Humdinger of a lawsuit in King George, VA: estate of Thomas Turner Sr.

If you trace your family back to Turners and/or Dixons in King George County, Virginia during 1740-1760, there is a virtual gold mine waiting for you in the county court order books. These particular court records are unusual because the pleadings, depositions, and an estate accounting in a suit in chancery are all entered verbatim in the order book. Usually, those juicy details are squirreled away in obscure files in the county courthouse. Many have not been filmed.

My reading of film of the original records didn’t do the suit justice. I was skimming. Half the pages are extremely faded, difficult to read, and require close attention. I gave the suit short shrift because my research mission in King George concerns Rankins (plus Berrys, Marshalls, Woffendalls, and Harrisons) rather than Turners. But even a brief glimpse made it clear that Thomas Turner Sr., the deceased whose estate was in dispute, was probably the richest man in the county. Thomas owned thousands of acres in King George and Prince William Counties. More than 100 enslaved persons are mentioned in the lawsuit records. He left a will, a codicil, some statements and promises relevant to his testamentary intent, and a conflict among his descendants.

Even skimming, here is some of what jumped off the pages

  • Thomas Senior had a son Thomas Junior who, I think, married Elizabeth Smith. One of his sons or grandsons married an Elizabeth Smith.
  • Thomas Senior also had a son Harry who evidently managed his property poorly. Harry was described by his father as a fool, according to one deponent.
  • Thomas Sr. had a grandson Edward Dixon. Edward had a brother whose name did not make it into my notes.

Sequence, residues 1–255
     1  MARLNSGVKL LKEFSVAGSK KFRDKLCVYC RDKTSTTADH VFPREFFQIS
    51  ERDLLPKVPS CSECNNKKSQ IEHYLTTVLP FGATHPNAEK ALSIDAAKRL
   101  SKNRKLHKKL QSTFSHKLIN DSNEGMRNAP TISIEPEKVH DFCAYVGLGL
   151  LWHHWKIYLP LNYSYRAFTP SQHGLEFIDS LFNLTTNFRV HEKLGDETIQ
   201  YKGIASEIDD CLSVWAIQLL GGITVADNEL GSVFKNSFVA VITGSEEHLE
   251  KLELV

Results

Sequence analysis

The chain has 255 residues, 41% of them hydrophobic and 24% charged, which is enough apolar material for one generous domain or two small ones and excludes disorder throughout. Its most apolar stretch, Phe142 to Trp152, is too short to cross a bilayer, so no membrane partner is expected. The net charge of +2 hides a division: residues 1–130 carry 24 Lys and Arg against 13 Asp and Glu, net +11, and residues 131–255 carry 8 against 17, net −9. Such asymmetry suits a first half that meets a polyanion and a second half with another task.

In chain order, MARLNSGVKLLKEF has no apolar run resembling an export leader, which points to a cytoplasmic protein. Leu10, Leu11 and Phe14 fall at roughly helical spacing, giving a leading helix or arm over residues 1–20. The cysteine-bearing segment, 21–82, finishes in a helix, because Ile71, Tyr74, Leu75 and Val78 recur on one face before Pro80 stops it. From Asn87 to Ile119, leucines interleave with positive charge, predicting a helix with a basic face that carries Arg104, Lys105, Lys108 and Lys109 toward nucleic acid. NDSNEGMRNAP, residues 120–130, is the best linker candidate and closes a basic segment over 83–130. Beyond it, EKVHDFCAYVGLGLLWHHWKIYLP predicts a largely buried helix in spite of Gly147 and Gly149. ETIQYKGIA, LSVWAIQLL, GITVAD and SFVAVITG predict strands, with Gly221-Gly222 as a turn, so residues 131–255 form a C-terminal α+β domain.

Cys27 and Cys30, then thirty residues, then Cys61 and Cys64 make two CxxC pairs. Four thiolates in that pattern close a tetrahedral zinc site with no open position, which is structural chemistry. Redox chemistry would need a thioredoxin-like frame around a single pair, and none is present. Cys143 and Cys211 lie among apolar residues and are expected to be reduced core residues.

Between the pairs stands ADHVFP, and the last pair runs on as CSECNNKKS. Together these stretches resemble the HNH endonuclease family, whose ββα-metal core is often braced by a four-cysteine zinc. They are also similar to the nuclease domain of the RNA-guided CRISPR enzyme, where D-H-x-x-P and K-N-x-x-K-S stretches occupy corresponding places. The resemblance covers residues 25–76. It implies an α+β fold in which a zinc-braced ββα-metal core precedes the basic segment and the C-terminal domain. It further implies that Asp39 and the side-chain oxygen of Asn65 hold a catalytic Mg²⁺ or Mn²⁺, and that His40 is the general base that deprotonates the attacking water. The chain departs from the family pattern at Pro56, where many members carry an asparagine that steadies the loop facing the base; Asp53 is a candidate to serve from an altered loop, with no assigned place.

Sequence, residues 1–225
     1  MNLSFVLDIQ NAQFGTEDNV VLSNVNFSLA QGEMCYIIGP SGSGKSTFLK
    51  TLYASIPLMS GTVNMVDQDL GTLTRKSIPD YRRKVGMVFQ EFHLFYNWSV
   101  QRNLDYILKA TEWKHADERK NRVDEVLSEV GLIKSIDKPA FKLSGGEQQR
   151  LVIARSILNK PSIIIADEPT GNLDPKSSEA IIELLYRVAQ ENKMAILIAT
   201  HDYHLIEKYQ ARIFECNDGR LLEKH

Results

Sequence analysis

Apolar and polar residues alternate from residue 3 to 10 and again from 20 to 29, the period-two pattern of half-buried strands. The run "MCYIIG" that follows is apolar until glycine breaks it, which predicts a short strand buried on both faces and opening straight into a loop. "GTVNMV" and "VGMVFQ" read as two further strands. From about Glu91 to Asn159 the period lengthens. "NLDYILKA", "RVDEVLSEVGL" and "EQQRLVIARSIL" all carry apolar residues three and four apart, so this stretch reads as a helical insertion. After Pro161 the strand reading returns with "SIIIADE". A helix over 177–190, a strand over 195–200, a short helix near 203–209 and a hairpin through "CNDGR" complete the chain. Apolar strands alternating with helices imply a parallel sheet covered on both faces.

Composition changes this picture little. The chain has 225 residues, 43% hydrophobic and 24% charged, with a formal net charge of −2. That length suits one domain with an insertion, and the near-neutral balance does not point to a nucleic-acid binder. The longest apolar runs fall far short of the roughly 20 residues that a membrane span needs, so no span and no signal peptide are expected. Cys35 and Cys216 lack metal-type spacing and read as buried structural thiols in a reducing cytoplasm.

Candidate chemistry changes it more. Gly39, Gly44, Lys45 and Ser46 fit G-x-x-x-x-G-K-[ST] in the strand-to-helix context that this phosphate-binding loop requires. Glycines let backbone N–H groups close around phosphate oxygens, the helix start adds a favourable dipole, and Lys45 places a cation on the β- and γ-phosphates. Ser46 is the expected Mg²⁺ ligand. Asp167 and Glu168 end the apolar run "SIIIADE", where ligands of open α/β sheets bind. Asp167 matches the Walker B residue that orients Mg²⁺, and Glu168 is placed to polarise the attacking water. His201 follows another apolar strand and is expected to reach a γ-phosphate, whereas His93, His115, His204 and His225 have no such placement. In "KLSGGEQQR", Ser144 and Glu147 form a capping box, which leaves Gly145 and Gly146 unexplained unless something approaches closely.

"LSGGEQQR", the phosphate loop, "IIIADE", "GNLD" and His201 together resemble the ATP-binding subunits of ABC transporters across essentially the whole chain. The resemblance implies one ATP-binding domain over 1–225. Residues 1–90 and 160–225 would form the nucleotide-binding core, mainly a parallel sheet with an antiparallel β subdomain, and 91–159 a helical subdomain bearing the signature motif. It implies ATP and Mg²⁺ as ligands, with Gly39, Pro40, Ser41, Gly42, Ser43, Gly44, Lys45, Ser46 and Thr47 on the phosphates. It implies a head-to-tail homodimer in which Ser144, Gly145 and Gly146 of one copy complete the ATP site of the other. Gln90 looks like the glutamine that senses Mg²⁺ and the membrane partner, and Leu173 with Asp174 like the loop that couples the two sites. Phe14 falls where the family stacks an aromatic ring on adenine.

• The suit mentions numerous King George inhabitants, a number of whom were justices or who gave depositions. The list includes Joseph Berry, an Arnold, Thomas Jett, John Triplett, Charles Carter, Benjamin Robinson, Nathaniel Harrison, Caleb Lindsay, George Rankin, and many others.
  • The accounting lists all of the names of the enslaved persons Turner owned as of 1743 and possibly later.

You can find the suit recorded in the King George Order Book entry for 6 May 1762. The images of the originals are available online at FamilySearch.org. You must have a membership to view them, but membership is free and does not involve advertisements or solicitation emails. It is the best deal in genealogical research, bar none.

The chancery suit records are on FamilySearch Film # 4145191 at images 414 through 436, inclusive. Those images contain pages 992 through 1012 of the Order Books for 1751-1765.

I hope a Turner or Dixon whose roots reach back to King George County in the mid-eighteenth century reads the court records and finds new information. Maybe she or he will find something comparable about a King George Rankin, Marshall, Harrison, Berry, or Woffendall and will share it with me. Or perhaps he/she will transcribe the court records concerning the suit, in which case I would be happy to post it on this website for other Turner/Dixon researchers.

See you on down the road.

Robin

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